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Trophic resource use by macrozoobenthic primary consumers within a semi-enclosed coastal ecosystem: Stable isotope and fatty acid assessment

Authors
Journal
Journal of Sea Research
1385-1101
Publisher
Elsevier
Volume
88
Identifiers
DOI: 10.1016/j.seares.2014.01.004
Keywords
  • Benthic Food Web
  • Isotope Mixing-Model
  • Fatty Acids
  • Semi-Enclosed Ecosystem
  • Seagrass Beds
  • Arcachon Bay
Disciplines
  • Biology
  • Ecology

Abstract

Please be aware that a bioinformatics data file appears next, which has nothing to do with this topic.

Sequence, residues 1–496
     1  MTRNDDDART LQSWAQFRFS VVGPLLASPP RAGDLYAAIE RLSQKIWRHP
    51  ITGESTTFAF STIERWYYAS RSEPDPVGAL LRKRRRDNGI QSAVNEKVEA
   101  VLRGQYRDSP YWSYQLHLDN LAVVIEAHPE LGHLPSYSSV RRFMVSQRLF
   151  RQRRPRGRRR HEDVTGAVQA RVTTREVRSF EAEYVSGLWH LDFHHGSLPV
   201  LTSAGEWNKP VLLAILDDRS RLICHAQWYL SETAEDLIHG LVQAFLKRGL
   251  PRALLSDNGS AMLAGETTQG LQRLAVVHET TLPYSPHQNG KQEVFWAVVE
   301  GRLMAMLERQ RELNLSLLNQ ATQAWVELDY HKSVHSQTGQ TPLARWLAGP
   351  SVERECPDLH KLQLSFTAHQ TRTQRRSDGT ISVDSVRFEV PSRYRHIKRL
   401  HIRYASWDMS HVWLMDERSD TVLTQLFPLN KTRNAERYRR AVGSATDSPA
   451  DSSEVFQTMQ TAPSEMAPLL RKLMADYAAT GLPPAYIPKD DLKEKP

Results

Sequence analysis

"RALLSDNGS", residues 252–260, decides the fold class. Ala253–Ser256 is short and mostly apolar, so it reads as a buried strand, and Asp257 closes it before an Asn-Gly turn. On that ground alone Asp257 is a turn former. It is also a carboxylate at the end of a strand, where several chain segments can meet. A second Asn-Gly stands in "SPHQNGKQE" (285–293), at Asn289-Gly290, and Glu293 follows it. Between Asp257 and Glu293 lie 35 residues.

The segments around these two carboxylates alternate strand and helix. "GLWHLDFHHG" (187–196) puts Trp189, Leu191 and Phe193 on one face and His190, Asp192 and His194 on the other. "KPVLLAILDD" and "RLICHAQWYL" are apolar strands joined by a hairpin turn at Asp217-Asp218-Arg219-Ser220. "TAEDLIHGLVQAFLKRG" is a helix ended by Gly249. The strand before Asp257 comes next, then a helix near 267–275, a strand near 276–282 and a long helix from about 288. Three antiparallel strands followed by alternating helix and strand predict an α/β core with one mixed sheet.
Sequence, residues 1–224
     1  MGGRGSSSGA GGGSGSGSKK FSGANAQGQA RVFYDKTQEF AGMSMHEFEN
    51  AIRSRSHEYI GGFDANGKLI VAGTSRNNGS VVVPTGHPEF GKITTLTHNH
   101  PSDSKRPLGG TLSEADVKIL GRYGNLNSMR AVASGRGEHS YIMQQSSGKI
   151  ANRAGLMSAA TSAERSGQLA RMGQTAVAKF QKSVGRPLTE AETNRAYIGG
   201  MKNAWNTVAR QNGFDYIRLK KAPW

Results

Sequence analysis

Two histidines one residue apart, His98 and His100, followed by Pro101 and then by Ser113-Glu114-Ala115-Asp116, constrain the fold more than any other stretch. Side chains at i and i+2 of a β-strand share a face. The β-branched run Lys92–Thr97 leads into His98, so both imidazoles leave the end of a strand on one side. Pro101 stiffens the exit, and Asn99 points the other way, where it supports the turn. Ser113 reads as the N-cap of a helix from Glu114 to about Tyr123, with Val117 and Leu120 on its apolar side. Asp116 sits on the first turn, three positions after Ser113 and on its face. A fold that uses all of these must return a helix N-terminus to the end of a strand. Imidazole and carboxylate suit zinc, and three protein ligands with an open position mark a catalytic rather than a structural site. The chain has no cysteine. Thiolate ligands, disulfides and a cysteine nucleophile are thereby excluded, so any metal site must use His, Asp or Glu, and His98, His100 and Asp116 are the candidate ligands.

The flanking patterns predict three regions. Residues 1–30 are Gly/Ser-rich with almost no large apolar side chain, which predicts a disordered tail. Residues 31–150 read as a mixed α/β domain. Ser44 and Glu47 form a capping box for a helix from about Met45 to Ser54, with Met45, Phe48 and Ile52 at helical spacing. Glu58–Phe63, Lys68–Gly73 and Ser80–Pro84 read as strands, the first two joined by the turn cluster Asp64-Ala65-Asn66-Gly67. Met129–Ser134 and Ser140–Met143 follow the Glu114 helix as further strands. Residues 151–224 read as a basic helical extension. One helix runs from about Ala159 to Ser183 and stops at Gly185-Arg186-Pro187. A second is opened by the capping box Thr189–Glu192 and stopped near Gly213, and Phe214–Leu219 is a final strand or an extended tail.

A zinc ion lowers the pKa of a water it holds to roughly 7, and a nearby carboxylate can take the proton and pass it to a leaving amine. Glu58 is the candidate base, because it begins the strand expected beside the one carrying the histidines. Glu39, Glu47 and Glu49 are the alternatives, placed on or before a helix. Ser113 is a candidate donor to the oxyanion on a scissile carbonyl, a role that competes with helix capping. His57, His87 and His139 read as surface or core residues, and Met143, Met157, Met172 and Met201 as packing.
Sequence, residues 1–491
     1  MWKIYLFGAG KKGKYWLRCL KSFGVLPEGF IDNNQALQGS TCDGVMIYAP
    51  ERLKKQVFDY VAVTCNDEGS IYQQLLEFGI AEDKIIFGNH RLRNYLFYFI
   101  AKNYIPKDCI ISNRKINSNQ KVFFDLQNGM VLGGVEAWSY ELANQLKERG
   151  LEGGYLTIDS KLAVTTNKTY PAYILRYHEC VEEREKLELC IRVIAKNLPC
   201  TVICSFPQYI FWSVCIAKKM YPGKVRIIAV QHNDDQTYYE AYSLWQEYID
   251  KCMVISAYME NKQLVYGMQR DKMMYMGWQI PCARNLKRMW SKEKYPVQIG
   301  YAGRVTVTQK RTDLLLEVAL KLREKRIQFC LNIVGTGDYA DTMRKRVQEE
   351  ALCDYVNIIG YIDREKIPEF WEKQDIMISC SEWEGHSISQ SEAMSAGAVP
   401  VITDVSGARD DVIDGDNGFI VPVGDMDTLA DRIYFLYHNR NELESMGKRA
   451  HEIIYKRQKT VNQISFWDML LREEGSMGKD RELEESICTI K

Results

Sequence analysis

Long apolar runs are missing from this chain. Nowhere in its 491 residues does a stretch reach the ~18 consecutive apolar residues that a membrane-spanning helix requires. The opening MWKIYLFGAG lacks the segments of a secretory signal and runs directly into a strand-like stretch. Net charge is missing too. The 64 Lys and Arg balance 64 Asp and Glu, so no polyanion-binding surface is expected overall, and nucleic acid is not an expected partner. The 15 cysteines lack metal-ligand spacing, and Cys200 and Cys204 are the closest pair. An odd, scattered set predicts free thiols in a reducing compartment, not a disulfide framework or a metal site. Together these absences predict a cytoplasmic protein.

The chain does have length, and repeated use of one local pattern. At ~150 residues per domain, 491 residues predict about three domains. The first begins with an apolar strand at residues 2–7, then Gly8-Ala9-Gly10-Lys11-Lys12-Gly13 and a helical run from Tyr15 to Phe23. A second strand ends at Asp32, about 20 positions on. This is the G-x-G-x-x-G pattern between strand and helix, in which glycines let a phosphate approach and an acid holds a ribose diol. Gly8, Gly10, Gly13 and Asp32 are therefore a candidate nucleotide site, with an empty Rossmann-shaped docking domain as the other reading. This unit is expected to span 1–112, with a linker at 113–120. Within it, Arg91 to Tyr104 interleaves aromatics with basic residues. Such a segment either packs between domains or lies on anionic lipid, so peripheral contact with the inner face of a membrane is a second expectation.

Abstract The diet of different macrozoobenthic trophic groups was investigated in the Arcachon Bay—a semi-enclosed macrotidal ecosystem that shelters the largest Zostera noltei seagrass meadow in Europe—in early spring and late summer 2009, using stable isotopes and fatty acids. Fatty acid profiles and literature information about the biology and physiology of benthic consumers were combined to identify the main organic matter sources for the benthic primary consumers. An isotope mixing model was then run to evaluate the contribution of each organic matter source to each identified trophic group (suspension feeders, sub-surface deposit feeders, micro-and macrograzers, suspension-oriented interface feeders and deposit-oriented interface feeders). Variations in organism' diets with respect to both habitats (intertidal seagrass meadows, intertidal bare sediments and subtidal bare sediments) and study periods were also investigated. At the scale of this study, it appeared that the diet of macrozoobenthos primary consumers was based exclusively on autochthonous material (no use of terrestrial organic matter): mainly microphytobenthos, seagrasses and their epiphytes, and phytoplankton. In addition, the different trophic groups relied on different organic matter pools: for instance, suspension feeders mainly fed on microphytobenthos and phytoplankton, whereas subsurface deposit feeders fed on microphytobenthos, decayed seagrasses and bacteria, and grazers mainly fed on microphytobenthos, and seagrasses and their epiphytes. The same pattern was observed in both early spring and late summer, indicating a stability of the benthic system at a six-month time scale. Finally our results showed that, in Arcachon Bay, the seagrass meadow directly or indirectly (through detritus) plays a significant role in the diet of most benthic consumers.

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